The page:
I married my cousin. Before you judge me, let me explain. We are divorced (unrelated to above confession) but remain great friends — could this be because of a warm, familiar connection?
Much hilarity about this discovery aside, we are only seventh cousins, which means there are a few hundred years between us and our common ancestor. This might sound alarming but, apparently, if you still live in the general area your relatives did, it’s likely you have met, and perhaps even married, a distant cousin.
Start looking into your genealogy, the study of ancestors and family history, and you are sure to find a skeleton or 10 in your closet.
I started my genealogy journey in 2019, inspired by the TV series Finding Your Roots. It is the creation of historian Henry Louis Gates, director of the Hutchins Centre for African and African American Research at Harvard in the US. His interest in genealogy came from the 1977 miniseries Roots. It made him dream of finding his African ancestry and helping other people do the same — not easy, because much African American ancestry is unknown and only found in slave-ownership records.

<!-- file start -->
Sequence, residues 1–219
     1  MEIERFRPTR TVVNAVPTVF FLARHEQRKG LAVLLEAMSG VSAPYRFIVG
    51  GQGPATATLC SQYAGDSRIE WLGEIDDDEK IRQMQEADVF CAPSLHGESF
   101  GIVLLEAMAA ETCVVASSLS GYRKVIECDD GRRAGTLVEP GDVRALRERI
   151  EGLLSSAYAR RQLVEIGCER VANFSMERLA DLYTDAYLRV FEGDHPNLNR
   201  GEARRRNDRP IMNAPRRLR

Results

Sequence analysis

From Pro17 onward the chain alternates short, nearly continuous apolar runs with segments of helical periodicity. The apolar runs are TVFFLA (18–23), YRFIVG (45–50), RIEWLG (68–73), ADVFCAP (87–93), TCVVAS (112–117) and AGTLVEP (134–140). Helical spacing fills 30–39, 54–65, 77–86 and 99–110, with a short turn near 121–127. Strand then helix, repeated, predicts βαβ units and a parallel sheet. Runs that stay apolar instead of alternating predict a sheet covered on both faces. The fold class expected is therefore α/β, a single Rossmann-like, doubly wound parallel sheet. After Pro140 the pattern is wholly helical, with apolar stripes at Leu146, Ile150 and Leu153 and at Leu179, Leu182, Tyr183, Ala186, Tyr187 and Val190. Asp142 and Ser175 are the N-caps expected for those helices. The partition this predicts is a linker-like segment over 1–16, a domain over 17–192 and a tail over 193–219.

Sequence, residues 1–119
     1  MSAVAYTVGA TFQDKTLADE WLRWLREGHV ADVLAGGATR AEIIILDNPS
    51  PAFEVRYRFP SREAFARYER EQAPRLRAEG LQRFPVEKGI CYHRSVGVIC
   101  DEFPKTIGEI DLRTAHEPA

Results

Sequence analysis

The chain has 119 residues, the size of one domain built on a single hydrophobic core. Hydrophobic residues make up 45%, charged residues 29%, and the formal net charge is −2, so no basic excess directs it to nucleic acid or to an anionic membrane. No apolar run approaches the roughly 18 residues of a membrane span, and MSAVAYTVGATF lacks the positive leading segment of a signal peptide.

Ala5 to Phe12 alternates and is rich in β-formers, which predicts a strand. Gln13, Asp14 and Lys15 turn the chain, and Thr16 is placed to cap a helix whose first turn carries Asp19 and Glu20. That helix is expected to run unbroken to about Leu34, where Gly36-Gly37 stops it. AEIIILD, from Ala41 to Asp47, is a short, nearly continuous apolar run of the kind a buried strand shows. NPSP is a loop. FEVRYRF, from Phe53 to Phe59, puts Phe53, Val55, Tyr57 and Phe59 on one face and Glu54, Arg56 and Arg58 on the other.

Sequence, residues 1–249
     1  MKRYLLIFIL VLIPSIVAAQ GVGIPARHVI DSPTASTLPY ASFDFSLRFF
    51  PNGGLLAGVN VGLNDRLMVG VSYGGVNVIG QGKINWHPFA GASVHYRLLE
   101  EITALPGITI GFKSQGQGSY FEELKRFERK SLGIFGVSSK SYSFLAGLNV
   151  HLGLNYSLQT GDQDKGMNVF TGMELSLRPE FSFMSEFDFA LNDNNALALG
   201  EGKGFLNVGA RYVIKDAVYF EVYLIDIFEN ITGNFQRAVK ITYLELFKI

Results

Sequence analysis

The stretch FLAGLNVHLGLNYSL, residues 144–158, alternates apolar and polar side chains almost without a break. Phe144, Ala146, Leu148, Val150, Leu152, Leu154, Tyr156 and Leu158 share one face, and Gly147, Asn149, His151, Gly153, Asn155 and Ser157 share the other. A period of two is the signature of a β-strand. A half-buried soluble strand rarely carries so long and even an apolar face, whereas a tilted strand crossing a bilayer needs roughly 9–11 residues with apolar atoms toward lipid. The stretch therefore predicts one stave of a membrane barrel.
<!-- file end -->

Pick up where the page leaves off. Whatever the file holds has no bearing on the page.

Finding Your Roots is a fascinating investigation into the lineage of well-known Americans, including artist Kara Walker, politician Condoleezza Rice and comedian Andy Samberg. Using records and DNA analysis, it shows humanity at its best and worst. Often focusing on slavery and African-American heritage, it is a sensitive study of the importance of understanding the past and where you came from.
Following the line
My family tree is still a work in progress but I have unearthed fascinating stories that are interwoven with South Africa’s past.
I learnt that the women in my family were unbelievably brave and strong. Case in point, my three times great-grandmother, Margaret, was a “Kennaway Girl”. This group of 150 young Irish women were given the name because they travelled to South Africa on the Lady Kennaway ship in 1857 to start a new life as wives for a group of German former soldiers who’d settled in the Eastern Cape.